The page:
Expanding on this may be a great article in regards to lens restrictions in relationship to image circles, and how your theory of the “impossible” use of APS sensors in pocket cameras has credibility. The last time I heard that word used was when my mother asked the waiter in the hotel in Tokyo, in 1986, if she could have her toast, toasted a bit more!
AA “Mensa Advanced Edition Dictionary” is not required for your response to this question. Thirty letter words may impress a lot of folks, but not me!
Nick in Japan
Nick, this as a very interesting question, one that obviously required a great deal of intelligent forethought on your part. I only wish that I could do it justice with an equally intelligent answer.
However, with all due respect to your mother, it would be “impossible” to engage in any type of meaningful discussion of these size designations without first engaging in at least a very basic discussion of the principles of Fourier Analysis, Solid State Physics, and Quantum Mechanics, while factoring in the effects of Black Holes, Global Warming, Darwin’s Theory of Evolution, and of course, The Big Bang Theory.
So, in order to avoid an exercise in futility, I will conclude by citing the Heisenberg Uncertainty Principle, which states that there is no absolute measurable “certainty” to these size designations other than as a short-hand notation to indicate, in complete accordance with Einstein’s Theory of Relativity, the proportions of one image sensor “relative” to another, thus avoiding the use of tedious nomenclature, such as “7.176 mm (width) x 5.319 mm (height)” for indicating the same.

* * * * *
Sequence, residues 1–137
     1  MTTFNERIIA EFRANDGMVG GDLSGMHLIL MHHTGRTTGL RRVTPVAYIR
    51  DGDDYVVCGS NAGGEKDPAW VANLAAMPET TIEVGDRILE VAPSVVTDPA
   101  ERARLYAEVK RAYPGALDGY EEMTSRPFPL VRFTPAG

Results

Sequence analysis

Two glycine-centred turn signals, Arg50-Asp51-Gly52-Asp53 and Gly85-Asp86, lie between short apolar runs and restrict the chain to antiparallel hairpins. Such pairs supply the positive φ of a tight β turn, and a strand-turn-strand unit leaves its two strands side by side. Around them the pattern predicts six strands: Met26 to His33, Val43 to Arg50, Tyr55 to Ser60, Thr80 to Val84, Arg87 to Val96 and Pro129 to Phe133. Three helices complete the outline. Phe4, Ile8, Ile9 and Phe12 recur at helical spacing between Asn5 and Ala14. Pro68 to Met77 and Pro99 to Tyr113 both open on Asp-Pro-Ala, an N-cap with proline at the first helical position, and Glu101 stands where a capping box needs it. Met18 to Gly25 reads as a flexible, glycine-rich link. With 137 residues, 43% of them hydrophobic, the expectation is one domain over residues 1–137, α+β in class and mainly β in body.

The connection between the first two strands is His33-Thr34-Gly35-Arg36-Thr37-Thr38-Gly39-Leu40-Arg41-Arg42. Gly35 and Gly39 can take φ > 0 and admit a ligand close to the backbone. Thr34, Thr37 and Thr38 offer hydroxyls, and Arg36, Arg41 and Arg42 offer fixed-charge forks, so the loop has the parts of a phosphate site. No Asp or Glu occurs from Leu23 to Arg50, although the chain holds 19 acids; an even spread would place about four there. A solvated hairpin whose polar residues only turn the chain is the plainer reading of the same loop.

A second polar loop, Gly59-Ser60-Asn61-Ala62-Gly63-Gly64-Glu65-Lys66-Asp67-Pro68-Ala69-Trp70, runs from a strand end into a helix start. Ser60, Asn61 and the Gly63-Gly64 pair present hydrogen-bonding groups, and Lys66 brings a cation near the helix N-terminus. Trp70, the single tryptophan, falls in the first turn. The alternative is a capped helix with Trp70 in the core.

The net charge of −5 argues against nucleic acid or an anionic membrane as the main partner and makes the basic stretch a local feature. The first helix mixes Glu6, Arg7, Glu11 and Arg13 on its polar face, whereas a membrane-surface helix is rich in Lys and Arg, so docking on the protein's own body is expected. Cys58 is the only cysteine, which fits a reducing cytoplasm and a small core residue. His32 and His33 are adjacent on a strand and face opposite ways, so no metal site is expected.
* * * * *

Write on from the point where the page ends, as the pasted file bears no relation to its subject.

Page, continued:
BTW, although not nearly as informative (or impressive) as mine, there is an excellent discussion of image sensor sizes at DPReview.
THIS WEEKS CONTEST WINNER for BEST QUESTION
It was an extremely tough judgment call since all of the selected questions were excellent, and very relevant to PhotographyBLOG readers. However, the tie-breaker was the fact that one of the questions was submitted by a person I know very well through this blog, someone with whom I have had many meaningful discussions in comments too numerous to count, someone who has unselfishly defended my point of view on many occasions when it was under attack, someone I would not hesitate to call my friend. So for that reason, Nick in Japan must be disqualified from the running, and I award first place to Michael Gottlieb (with Mike Gelhausen and DAVE in a dead heat for runner-up).
Congratulations, Michael Gottlieb! Please email your home address to the editor of PhotographyBLOG, Mark Goldstein (email@example.com), along with your preferred choice of automobile body colors, and he will send you your prize.
[Column photo “The Photographer” by Brenda LaFleur of Brenda LaFleur Photography.]